Federal labor officials filed a sweeping complaint Friday accusing Starbucks of unfair labor practices at its Buffalo, New York stores, including retaliation against union workers.
The regional director of the National Labor Relations Board in Buffalo outlined a number of labor law violations in a petition for reinstatement and delinquency from the workers.
There has been a wave of union action at Starbucks stores across the country, with the first union votes taking place in three stores in Buffalo in December.
The coffee chain called the allegations “false” and promised to fight them at an upcoming hearing.
“Starbucks disagrees that the claims are well founded, and the issuance of the complaint does not constitute a finding by the NLRB,” spokesperson Reggie Borges wrote in an email. “It’s the beginning of a process where both parties can be heard and provide evidence.”
Starbucks Workers United, the group behind the union effort, said the complaint “confirms the magnitude and depravity of Starbucks’ behavior in western New York for the better part of a year.”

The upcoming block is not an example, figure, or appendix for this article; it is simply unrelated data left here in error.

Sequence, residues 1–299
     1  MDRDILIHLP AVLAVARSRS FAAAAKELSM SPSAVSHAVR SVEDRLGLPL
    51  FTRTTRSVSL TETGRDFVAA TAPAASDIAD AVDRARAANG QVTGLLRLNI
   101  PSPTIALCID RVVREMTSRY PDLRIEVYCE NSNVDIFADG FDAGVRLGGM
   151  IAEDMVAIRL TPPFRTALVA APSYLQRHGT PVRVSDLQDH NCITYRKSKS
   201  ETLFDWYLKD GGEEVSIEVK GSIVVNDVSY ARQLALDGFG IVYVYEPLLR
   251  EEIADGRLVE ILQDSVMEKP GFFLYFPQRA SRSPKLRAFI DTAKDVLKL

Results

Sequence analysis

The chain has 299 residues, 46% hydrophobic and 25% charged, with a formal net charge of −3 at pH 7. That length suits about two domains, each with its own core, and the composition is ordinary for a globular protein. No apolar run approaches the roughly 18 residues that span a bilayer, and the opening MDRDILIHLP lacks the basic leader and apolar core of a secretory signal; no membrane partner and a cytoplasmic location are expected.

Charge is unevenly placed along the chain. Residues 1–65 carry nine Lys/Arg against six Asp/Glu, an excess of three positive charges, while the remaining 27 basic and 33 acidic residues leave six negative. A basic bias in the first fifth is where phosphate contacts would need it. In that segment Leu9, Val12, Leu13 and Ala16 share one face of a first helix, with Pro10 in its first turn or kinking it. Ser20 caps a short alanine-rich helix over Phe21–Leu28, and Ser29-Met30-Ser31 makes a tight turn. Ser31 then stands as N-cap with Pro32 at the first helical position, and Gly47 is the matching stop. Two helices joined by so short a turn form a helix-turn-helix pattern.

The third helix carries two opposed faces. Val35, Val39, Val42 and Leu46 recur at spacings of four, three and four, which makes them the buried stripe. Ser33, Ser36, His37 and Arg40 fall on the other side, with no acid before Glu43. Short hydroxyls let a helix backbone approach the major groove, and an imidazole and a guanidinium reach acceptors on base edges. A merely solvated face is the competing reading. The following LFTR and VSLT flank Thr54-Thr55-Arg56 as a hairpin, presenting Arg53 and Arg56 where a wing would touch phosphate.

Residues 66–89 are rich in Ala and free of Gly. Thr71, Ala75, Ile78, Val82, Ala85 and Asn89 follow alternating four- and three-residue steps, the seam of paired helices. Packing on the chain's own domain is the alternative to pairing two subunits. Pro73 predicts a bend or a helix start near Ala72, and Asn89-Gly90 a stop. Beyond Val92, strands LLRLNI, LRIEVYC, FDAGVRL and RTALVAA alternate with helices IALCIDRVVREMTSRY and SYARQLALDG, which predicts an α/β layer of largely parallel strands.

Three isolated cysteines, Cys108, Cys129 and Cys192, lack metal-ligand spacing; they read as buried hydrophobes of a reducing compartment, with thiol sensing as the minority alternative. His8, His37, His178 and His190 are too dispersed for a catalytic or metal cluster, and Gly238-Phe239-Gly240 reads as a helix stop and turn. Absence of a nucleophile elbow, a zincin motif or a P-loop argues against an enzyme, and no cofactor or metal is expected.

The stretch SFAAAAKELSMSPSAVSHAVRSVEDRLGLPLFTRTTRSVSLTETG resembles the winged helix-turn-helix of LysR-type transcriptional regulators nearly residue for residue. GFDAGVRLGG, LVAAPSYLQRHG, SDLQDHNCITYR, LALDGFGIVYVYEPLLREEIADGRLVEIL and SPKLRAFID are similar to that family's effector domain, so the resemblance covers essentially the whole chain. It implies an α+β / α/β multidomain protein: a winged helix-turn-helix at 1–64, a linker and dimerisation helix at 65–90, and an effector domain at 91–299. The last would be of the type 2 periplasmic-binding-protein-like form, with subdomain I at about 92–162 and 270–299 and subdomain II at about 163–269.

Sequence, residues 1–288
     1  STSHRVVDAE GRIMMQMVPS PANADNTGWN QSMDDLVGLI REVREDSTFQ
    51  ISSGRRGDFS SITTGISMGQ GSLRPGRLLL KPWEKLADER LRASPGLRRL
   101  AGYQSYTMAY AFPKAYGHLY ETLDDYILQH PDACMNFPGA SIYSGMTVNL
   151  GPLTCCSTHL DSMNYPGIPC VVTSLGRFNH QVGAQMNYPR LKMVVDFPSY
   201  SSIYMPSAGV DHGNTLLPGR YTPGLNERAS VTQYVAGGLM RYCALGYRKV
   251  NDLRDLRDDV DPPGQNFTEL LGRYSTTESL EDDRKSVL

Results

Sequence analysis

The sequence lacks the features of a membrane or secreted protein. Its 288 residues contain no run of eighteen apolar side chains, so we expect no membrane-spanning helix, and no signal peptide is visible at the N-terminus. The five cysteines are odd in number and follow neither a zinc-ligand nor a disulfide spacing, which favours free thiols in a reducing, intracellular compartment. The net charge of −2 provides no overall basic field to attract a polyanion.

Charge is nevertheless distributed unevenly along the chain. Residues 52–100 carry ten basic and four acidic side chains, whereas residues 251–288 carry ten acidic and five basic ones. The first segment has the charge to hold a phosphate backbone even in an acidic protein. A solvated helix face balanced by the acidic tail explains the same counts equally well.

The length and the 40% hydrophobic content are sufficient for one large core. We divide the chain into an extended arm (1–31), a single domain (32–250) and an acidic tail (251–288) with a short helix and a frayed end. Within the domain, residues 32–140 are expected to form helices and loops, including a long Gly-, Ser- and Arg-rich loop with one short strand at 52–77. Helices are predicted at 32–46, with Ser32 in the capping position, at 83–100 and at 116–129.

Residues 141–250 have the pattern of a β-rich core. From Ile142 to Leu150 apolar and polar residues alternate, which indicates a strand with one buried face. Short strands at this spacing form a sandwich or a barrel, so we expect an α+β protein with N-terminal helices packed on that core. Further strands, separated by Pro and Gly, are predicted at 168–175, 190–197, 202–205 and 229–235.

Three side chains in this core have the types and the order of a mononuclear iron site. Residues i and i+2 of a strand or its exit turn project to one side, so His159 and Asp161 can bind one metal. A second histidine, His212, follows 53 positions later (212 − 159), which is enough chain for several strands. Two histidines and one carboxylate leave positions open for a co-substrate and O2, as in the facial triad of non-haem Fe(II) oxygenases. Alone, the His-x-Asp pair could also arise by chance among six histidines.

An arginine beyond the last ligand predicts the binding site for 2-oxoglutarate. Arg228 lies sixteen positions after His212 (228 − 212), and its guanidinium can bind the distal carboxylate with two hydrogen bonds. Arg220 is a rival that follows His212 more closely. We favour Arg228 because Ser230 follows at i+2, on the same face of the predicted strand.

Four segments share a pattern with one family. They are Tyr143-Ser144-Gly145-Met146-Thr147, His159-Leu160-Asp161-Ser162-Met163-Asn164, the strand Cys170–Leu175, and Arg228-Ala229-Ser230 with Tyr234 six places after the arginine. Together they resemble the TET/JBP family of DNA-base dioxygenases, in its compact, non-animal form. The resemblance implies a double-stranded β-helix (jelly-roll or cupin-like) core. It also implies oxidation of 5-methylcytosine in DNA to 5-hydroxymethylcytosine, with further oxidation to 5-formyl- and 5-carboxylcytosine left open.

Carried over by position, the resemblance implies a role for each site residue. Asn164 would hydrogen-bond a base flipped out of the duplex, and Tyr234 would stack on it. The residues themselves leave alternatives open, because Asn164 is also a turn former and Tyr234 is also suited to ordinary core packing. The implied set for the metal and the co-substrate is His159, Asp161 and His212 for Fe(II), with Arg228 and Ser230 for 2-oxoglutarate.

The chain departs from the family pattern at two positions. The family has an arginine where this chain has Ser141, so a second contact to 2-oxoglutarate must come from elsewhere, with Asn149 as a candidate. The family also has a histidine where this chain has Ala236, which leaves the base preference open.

“Starbucks is finally being held accountable for the union destruction they have caused,” Danny Rojas, a fired crew chief, said in a statement. “Starbucks must understand that it is morally corrupt to retaliate against union leaders, and I look forward to the NLRB forcing Starbucks to make up for this moment.”
Last month, federal labor officials asked a judge to force Starbucks to reinstate three union activists at its Phoenix location for engaging in unfair labor practices.
As of this week, workers at more than 250 US stores have petitioned the labor council to hold union elections, union organizers say. At least 50 of those stores voted to unionize with Workers United, an affiliate of the Service Employees International Union.
Starbucks reported Tuesday that revenues rose to record levels in its fiscal second quarter, but noted that it faced higher labor costs, which are set to rise even higher in the coming months as the company introduces new pay increases and other benefits.
However, workers who voted to join unions or stores that petitioned to hold union elections are not eligible for those additional pay raises and benefits.
Starbucks Workers United filed a lawsuit against Starbucks with the Labor Commission on Tuesday. The group alleges that the company is violating labor laws by threatening to exclude union shops from the new benefits.